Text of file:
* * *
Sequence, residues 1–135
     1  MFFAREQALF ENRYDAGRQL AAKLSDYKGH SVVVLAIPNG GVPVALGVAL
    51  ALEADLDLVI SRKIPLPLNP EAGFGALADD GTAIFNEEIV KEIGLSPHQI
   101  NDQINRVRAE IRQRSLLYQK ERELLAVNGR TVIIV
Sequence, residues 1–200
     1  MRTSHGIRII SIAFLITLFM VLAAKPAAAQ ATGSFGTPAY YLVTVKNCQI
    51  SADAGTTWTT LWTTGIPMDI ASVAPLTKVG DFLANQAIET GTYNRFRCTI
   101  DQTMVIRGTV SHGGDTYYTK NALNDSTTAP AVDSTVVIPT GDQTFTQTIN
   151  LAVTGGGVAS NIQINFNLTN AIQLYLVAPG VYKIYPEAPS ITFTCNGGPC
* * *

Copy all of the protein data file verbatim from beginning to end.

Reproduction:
Sequence, residues 1–135
     1  MFFAREQALF ENRYDAGRQL AAKLSDYKGH SVVVLAIPNG GVPVALGVAL
    51  ALEADLDLVI SRKIPLPLNP EAGFGALADD GTAIFNEEIV KEIGLSPHQI
   101  NDQINRVRAE IRQRSLLYQK ERELLAVNGR TVIIV
Sequence, residues 1–200
     1  MRTSHGIRII SIAFLITLFM VLAAKPAAAQ ATGSFGTPAY YLVTVKNCQI
    51  SADAGTTWTT LWTTGIPMDI ASVAPLTKVG DFLANQAIET GTYNRFRCTI
   101  DQTMVIRGTV SHGGDTYYTK NALNDSTTAP AVDSTVVIPT GDQTFTQTIN
   151  LAVTGGGVAS NIQINFNLTN AIQLYLVAPG VYKIYPEAPS ITFTCNGGPC